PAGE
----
See at Norton
Avast Pro Antivirus
Avast has a great free option that many people take advantage of, but this step up into their paid selections is perfect for anyone who wants a few more tools when it comes to protecting their PC.
In their review, PCMag identified exactly why you might want to upgrade:
To the cornucopia of bonus features found in its free counterpart, it adds protection against DNS poisoning and a sandbox for running iffy programs safely.
While this might not be enough of a reason for many people to buy this $50 yearly subscription, it’s great for anyone who trusts the Avast name.
As far as protection goes, Avast’s security performed perfectly in tests done by AV-Test. On top of general protection, you get a Wi-Fi scanner that detects problems on your network, you can create bootable environments for extreme cases, and there’s a simplistic password manager.
See at Avast
Trend Micro Antivirus+
Trend Micro’s Antivirus+ option is one of the cheaper selections on our list at $25 for a yearly subscription, but that doesn’t mean it isn’t a decent antivirus. Testing conducted by independent lab AV-Test saw Trend Micro’s protection work perfectly.
A review by Tom’s Guide confirmed the lab’s protection testing:
Trend Micro’s security programs provide most of the protective services you’ll need, are fast to scan and provide a near-perfect shield against malware.
There are differing opinions about how this AV affects the performance of a PC, but overall it’s no worse than the average. If it’s a powerful antivirus you need but don’t want to shell out as much money, Trend Micro Antivirus+ might be your best option.
See at Trend Micro
McAfee AntiVirus Plus
Like Norton, McAfee has been around for a long time, and many people have already formed an opinion. Regardless of whether or not you like McAfee, one thing is certain: a $55 one-year subscription provides protection on an unlimited amount of devices, including Android, macOS, and iOS. That’s a pretty sweet deal, but keep in mind that not all features are found on all devices.
What you get on PC is great malware protection, a simple user interface, wonderful tech support, and a firewall. Chosen as an Editors’ Choice by PCMag, they had this to say:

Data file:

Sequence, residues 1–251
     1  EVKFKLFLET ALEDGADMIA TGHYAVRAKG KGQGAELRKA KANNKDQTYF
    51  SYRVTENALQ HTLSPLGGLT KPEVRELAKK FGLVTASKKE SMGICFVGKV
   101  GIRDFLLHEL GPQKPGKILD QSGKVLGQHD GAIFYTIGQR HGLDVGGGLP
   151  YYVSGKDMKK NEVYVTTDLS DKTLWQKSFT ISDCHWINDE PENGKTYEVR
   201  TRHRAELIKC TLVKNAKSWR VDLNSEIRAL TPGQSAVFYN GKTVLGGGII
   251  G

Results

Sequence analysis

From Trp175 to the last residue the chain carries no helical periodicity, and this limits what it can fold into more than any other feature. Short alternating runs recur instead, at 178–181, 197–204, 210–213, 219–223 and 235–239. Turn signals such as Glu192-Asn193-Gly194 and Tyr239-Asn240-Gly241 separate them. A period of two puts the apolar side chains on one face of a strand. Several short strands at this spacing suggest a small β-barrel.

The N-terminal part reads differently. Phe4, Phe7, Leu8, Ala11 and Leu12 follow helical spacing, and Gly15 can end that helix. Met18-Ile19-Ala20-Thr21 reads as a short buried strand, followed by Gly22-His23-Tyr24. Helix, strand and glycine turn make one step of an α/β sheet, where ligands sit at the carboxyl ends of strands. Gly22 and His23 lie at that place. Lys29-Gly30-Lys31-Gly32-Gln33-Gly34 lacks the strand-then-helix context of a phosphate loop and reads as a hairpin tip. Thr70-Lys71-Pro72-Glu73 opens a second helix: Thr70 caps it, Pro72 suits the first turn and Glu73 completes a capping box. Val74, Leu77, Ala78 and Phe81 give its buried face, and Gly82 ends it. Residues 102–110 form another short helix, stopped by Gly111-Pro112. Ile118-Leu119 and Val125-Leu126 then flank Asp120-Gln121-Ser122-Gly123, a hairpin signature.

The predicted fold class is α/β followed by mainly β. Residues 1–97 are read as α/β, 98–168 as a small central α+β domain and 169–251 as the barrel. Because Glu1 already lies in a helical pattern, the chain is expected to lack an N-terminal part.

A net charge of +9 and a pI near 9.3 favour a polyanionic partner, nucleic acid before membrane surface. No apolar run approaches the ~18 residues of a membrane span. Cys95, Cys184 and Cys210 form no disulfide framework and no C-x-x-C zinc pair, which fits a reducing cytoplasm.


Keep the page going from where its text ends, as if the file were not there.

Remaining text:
It has a huge feature set when installed on your Windows, macOS, iOS, and Android devices. It’s that amazingly broad protection that earns McAfee an Editors’ Choice for commercial antivirus.
While Kaspersky and Bitdefender might perform a bit better when it comes to protection, you can’t deny that McAfee is great for anyone with a household full of devices.
See at McAfee
Microsoft ships its own full-featured antivirus software with Windows 10 called Windows Defender. Previously, this suite used to be ranked behind others but the company has invested time and effort in bringing Defender up to speed with other security solutions. In 2017, Windows Defender is adaquate enough for use.
There’s also the bonus that Microsoft doesn’t bundled pointless bloatware with its security protection, because it doesn’t need to. Microsoft also has the user’s best interest at heart, instead of making ends meet through sales and subscriptions. And AVTest, while finding the suite slow in areas of application installing compared to other security software, rates Windows Defender to offer a good level of protection.
What you need to know about Windows Defender
More antivirus goodness
Not sure if you want to shell out money for an antivirus? There are plenty of great free alternatives!
Best free antivirus alternative to Windows Defender
Updated June 19, 2018: We refreshed this list to ensure you’re still getting the absolute best options when it comes to your PC’s antivirus.